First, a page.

Cultural Mandate - Help

I was teaching our youth this past week about man. During our discussion I touched on the cultural mandate and discussed how much of our culture (even evangelical culture) says you can get married and decide whether or not you want to have kids, but God has created us to be fruitful and multiply. It was a portion of our talk, but I wanted the youth to keep hearing that we’re commanded to be fruitful and multiply.

Afterwards, one of the adult leaders pulled me aside and asked if we could get together to talk about the idea of being fruitful and multiplying. He’s heard this teaching in our church before, but expressed (calmly) his disagreement that the mandate still applies. I asked if he was saying that there is no command for married couples to have children (i.e. if they want to have kids that’s great, if they don’t want to, that’s also great). He said he agreed with that statement. He thought it was something for people at the beginning of time or after the flood, but it was a reach to apply to us today.

I asked him when he felt the command was fulfilled/stopped? Was it only for Adam & Noah? Was it for his sons? Did it stop after Jesus somehow? He didn’t have an answer, but said he would think about it.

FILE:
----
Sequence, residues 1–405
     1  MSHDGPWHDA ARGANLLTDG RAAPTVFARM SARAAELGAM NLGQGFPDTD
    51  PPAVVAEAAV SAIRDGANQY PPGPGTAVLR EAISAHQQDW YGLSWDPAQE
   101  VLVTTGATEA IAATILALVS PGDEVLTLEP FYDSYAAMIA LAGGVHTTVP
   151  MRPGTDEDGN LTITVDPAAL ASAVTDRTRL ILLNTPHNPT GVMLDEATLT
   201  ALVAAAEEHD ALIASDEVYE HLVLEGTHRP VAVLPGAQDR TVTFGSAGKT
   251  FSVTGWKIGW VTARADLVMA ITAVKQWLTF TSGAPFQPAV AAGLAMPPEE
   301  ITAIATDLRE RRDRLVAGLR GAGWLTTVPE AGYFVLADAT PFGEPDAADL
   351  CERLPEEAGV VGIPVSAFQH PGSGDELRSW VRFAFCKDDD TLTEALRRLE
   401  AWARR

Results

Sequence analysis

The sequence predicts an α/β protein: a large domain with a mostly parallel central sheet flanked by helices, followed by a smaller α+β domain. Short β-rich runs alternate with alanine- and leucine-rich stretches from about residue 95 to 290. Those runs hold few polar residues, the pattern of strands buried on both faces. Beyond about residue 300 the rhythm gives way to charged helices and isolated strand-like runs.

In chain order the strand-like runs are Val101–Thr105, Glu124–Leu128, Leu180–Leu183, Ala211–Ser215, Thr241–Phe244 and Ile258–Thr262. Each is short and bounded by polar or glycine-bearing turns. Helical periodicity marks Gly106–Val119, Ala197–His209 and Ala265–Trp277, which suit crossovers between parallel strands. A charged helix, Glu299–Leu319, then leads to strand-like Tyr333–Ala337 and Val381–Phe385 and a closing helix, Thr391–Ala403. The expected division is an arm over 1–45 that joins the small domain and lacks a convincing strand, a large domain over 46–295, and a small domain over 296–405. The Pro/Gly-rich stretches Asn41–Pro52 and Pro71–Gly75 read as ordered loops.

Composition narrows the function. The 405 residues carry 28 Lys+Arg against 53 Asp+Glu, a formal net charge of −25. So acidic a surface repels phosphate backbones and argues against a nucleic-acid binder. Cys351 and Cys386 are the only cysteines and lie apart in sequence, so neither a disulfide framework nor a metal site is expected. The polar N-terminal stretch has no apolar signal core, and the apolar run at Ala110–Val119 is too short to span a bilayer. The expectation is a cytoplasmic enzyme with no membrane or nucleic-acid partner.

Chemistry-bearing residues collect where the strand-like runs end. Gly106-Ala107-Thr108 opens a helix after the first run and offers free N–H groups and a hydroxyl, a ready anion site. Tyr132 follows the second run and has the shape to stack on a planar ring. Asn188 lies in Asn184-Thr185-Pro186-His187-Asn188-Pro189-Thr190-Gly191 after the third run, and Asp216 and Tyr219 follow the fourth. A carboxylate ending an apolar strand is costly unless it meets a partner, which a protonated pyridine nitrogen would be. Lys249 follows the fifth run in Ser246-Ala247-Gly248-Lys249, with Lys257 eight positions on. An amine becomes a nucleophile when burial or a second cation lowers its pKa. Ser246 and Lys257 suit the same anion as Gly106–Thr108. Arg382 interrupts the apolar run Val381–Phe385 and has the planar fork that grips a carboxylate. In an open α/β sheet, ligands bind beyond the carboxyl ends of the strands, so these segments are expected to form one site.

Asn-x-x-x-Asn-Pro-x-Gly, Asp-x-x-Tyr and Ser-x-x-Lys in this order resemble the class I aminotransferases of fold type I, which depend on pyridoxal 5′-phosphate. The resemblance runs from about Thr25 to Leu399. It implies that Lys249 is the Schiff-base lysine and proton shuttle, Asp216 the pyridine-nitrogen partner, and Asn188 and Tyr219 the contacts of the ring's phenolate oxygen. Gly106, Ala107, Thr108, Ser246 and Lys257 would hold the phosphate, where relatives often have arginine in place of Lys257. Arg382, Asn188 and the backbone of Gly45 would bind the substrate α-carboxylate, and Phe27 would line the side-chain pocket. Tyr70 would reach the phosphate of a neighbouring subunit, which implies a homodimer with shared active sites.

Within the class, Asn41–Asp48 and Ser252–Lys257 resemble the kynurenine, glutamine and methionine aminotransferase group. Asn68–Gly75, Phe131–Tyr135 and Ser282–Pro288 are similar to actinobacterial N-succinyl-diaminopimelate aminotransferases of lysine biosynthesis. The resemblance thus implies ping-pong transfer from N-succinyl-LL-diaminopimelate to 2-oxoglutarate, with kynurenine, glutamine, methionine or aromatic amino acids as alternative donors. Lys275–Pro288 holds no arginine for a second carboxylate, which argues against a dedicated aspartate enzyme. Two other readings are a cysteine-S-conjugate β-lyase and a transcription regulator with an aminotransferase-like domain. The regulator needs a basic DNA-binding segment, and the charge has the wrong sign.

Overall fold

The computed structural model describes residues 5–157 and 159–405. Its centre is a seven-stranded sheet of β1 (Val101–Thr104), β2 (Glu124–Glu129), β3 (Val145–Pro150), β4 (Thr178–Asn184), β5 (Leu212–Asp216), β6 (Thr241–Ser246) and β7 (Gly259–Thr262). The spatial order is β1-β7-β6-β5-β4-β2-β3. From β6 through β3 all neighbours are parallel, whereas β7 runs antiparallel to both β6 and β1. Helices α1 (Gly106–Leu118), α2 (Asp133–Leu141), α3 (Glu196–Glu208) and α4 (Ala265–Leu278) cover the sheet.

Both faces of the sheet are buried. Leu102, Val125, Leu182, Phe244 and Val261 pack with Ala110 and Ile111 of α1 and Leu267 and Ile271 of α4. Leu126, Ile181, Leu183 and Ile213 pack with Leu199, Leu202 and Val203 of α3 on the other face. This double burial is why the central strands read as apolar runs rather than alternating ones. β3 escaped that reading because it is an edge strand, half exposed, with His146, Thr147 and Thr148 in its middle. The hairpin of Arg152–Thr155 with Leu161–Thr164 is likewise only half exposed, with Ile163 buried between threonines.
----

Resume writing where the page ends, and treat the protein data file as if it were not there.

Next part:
I’m realizing that I’ve taken the command for granted because it seems clear throughout Scripture that this how God has created man (be fruitful and multiply and fill the earth and subdue it, have dominion over it…). But I’m also realizing my weakness in being able to teach on it clearly to those who have been taught it does not apply.

Does anyone have any resources that have been helpful regarding this issue? Helpful ways they’ve instructed others on this topic? Not sure how to go back and talk to someone who just claims it doesn’t apply anymore besides asking him to show how/when the command stopped being a command. Maybe that’s enough? Thanks


My knee-jerk reaction is to suggest Nancy Pearcey. Its been years since I’ve read any of her work. It may not be as good as I recall and I think she focuses more ‘culture building’ and ‘dominion’ than fruitfulness, but I could be wrong.

It would probably be helpful just to walk through the first few books of Genesis together, or maybe with a small group of guys, and pick at all the different stuff there. Its really foundational. I guess thats why it starts with “In the beginning…”

This is probably a guy who has just never thought about it. Its never been a point of focus. Its easy to say, ‘that was then, this is now.’ But then you run into all kinds of problems at the basic core of who we are - male and female, fallen sinners, sons of Adam, original sin, monogamy…


Dear Joel,

Pardon me for a moment…